You can find dramatic videos on YouTube that show what happens when grease ignites, what happens when people try to move the pan, or when water is thrown on the fire. And you can find good training for how to use a fire extinguisher there, too.  Take advantage of this great resource.

Want more details?

Two websites with statistical info:


And this Emergency Plan Guide Advisory gives tips on shopping for fire extinguishers:

Fire extinguisher, anyone? 

Hope you take this Advisory to heart. In this case, there’s no need to become a statistic when you know what to do.

Your Emergency Plan Guide Team

Share this quiz and its answers with your neighborhood emergency response group, too. Remember, the more prepared your neighbors are, the safer YOU will be!

Neighborhood Planning for Emergencies


Do you have plans for your neighborhood?

Rescue workers in earthquake

Who will get there first? Neighbors!

Certainly, preparing yourself and your household for emergencies is important. But, as we’ve said many times, your single most important link to survival is your immediate neighbors.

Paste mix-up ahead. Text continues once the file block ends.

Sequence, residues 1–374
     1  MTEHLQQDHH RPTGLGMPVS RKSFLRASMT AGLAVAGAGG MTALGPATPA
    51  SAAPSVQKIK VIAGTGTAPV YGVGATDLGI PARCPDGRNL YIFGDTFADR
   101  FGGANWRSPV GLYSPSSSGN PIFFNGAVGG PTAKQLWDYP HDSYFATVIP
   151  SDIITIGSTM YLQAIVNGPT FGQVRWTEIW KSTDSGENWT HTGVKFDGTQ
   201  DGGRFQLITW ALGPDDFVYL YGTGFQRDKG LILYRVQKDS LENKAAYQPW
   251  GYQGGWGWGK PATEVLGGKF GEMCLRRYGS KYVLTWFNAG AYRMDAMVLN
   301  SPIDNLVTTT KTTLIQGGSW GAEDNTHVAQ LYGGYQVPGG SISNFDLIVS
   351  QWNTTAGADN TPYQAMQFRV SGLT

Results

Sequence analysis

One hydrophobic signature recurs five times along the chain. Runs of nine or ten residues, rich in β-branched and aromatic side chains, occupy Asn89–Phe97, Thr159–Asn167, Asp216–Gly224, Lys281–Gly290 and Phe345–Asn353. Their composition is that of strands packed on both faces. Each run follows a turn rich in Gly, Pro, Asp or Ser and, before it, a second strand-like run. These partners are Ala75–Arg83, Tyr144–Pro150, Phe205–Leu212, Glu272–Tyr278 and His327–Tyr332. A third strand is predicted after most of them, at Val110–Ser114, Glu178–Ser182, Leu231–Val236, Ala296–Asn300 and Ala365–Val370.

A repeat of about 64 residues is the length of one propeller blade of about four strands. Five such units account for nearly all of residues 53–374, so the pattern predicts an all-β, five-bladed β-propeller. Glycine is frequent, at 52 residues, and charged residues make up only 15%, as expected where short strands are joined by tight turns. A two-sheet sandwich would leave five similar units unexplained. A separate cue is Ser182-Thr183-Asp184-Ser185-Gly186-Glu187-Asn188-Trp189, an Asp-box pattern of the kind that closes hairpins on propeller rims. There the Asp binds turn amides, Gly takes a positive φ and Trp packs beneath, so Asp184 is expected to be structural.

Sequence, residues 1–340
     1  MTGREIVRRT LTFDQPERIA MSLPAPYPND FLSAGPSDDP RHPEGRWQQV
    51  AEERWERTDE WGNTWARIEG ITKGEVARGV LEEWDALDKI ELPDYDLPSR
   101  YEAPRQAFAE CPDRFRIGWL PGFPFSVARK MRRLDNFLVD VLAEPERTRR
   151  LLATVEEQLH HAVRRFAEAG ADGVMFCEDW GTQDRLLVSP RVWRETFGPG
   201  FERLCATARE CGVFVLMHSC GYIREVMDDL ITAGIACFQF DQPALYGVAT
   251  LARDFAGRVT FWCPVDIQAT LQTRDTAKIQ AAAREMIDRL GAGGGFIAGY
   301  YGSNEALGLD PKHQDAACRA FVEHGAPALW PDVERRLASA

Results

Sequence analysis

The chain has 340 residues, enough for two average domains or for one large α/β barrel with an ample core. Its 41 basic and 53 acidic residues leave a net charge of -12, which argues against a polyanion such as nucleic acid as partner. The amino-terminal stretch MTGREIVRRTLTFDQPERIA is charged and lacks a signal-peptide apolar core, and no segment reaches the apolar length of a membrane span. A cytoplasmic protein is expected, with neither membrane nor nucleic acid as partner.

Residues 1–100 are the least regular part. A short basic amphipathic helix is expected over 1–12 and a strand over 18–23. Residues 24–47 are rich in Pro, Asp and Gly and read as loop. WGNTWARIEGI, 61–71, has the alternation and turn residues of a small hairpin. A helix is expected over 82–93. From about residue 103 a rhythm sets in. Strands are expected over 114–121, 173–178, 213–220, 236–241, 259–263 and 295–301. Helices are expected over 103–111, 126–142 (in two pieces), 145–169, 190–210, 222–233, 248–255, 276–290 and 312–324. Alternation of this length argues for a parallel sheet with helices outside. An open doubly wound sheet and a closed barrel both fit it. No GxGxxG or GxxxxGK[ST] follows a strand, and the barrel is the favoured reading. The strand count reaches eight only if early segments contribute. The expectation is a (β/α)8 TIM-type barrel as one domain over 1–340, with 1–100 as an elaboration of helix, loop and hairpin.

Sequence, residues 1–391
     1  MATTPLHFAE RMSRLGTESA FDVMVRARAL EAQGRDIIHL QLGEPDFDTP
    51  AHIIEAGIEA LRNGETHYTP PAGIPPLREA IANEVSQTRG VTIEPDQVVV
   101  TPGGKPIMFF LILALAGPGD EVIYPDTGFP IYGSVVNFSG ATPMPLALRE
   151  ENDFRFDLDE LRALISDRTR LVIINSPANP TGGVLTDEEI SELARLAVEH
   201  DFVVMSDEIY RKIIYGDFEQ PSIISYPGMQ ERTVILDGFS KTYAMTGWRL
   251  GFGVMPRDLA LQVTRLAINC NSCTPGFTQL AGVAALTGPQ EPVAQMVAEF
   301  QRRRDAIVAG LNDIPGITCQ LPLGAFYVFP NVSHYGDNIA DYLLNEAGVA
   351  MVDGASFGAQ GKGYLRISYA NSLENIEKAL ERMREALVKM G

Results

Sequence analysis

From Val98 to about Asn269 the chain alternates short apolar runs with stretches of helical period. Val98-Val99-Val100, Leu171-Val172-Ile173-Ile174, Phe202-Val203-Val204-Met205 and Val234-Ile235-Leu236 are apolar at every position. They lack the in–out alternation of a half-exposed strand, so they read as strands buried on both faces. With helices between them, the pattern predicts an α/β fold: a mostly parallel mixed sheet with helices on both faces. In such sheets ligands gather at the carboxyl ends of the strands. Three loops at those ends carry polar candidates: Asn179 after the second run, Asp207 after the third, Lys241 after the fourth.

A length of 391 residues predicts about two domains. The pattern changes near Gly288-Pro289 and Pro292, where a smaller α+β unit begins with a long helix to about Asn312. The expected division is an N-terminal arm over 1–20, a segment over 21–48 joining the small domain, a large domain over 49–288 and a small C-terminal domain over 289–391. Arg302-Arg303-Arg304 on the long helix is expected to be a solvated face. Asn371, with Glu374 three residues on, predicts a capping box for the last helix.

Their proximity to you (and yours to them) means that they will be the first people on the scene in a real emergency. The more you and they know about surviving a disaster, the better the chances for everyone.

So, do you have plans underway to form a neighborhood Community Emergency Response Team (CERT)?  And making sure its members are trained, and ready? Encouraging you to do so – and providing help in this regard – is the real purpose of this website.

Organize the neighborhood team.

Here’s what our neighborhood Community Emergency Response Team (CERT) looks like. How does this description compare to yours? We have close to a hundred team members in various stages of training. About a third of our members have received city-sponsored CERT training. There are over 350 homes in our group, divided into six divisions, with six Block Captains under each Division Leader. We have six special teams: First Aid, Communications, Search and Rescue, Operations, Logistics, and Training.

Increasing the Effectiveness of the Team.

We are currently evaluating a number of options to provide our Team Members with advanced training and equipment that increases our capabilities. Among the areas we are focusing on . . .

  • Communications – probably the most critical component in our emergency planning
  • Standby/Emergency Power – High on all of our members’ lists
  • Transportation – Related to communications; different communities have unique needs